Improved electronic application technology has cut the average time between an agent applying for life insurance coverage and receiving a response by more than a week over the past nine years, new research indicates.
For underwriters of life insurance policies with face amounts of $400,000 or more, the average cycle time has decreased from 52 days to 44 days, according to a report by the consulting firm Celent.
For underwriters of policies with face amounts of $400,000 or less, average cycles times have gone from 42 days to 33 days.
The reduction in cycles times were observed for the period between 2007 and 2016, consultants Karen Monks and Colleen Risk write in a 2016 report titled “The Doorway to Straight-Through Processing."
Faster cycle times allow agents to process more applications and close more business, which translates into more income.
New electronic systems reduce cycle times by flagging not-in-good-order (NIGO) applications quickly so they can be refiled within hours or days.
NIGO alerts range from outdated or incorrect forms, illegible writing, missing signatures, missing applicant information, missing or incomplete agent or producer information, missing dates and licensing issues.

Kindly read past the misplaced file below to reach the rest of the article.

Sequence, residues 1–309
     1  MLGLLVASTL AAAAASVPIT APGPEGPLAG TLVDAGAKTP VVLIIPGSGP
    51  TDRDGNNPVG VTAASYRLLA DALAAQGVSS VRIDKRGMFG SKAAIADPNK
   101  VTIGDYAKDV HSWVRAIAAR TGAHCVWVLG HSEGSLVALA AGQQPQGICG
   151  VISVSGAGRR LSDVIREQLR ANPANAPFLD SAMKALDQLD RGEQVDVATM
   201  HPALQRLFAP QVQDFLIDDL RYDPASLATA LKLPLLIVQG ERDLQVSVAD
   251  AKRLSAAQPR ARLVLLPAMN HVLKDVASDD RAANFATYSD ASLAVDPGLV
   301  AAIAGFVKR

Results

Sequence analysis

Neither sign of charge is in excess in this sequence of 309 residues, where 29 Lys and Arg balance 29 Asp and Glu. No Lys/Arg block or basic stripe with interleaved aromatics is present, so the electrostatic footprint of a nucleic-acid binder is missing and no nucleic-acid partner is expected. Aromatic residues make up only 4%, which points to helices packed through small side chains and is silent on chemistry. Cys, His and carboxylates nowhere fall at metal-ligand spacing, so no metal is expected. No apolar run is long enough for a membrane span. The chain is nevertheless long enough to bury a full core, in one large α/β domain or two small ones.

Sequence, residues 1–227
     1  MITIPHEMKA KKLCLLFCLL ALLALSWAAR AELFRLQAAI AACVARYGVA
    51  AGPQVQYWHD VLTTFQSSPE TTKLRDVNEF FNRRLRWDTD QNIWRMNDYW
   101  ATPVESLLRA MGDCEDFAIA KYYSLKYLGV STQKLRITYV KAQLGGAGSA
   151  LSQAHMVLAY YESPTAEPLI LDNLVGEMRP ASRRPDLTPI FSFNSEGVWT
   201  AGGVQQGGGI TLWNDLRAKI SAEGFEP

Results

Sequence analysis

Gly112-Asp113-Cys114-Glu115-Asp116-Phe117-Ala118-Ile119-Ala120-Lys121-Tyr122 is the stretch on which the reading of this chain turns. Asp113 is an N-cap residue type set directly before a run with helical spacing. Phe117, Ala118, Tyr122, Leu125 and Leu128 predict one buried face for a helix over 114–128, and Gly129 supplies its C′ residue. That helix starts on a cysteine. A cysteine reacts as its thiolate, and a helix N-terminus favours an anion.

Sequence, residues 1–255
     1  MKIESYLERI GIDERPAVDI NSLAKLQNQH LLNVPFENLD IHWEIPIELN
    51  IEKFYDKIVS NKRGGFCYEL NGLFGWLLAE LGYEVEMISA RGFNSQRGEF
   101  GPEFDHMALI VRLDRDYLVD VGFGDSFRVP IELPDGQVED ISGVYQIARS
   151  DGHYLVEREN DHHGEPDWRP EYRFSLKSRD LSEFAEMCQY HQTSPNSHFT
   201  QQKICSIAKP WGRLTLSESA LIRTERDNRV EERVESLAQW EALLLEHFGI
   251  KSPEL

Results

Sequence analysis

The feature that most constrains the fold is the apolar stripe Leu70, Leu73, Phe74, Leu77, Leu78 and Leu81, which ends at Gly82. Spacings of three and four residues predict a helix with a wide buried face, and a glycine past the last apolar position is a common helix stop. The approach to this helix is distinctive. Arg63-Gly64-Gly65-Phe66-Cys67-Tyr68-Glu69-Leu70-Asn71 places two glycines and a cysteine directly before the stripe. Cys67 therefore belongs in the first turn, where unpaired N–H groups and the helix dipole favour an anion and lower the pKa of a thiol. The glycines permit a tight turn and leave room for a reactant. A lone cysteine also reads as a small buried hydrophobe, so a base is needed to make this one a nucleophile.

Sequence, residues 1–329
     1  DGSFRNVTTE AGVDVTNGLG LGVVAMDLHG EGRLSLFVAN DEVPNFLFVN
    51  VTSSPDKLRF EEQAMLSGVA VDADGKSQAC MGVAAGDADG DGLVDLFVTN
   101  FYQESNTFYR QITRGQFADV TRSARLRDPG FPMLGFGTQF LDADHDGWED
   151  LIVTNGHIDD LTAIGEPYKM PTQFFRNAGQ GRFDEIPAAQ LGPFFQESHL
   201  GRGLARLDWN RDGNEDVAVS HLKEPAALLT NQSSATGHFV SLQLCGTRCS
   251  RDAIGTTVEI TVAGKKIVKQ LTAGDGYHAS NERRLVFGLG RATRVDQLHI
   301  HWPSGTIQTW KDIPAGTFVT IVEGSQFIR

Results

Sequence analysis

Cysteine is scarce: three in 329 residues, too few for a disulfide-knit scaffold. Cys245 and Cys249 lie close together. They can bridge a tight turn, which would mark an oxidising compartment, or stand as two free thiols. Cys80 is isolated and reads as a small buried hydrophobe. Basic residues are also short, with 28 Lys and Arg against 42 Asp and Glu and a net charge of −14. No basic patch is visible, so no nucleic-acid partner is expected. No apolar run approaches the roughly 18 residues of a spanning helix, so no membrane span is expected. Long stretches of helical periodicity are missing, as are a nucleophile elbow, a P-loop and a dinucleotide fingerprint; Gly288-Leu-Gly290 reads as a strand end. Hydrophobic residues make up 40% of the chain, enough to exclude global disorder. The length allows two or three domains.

In a paper-intensive world, applications suffering from NIGO status would take much longer to correct and prove a stumbling block for agents looking to close higher business volumes.
In a 2012 study, Celent found that simply waiting for missing information added as much as 20 percent to the cycle time of a life insurance application.
Industry benchmarks have placed NIGO rates at greater than 50 percent, Monks and Risk write.
But with better software and more efficient workflows, technology vendors such as Ebix, iPipeline and Majesco have helped insurers install new processing systems.
The proper technology can have a dramatic effect on outcomes.
Great American Insurance in Cincinnati, which recently refreshed its agent portal and deployed an electronic application system for annuities, improved processing time by 75 percent, researchers Rob McIsaac and Steven Kaye said in a separate 2016 report.
NIGO rates, meanwhile, have been cut in half at Great American, according to Novarica consultants McIsaac and Kaye.
Voya Financial, which has invested tens of millions of dollars to expand its technology platforms in recent years, has implemented a NIGO tool for the annuity business, said Carolyn Johnson, CEO of Annuities and Individual Life for Voya Financial.
For older agents who prefer physical paper, an optical character recognition system will catch mistakes and alert agents that the paper application needs to be amended or corrected.
InsuranceNewsNet Senior Writer Cyril Tuohy has covered the financial services industry for more than 15 years. Cyril may be reached at firstname.lastname@example.org.
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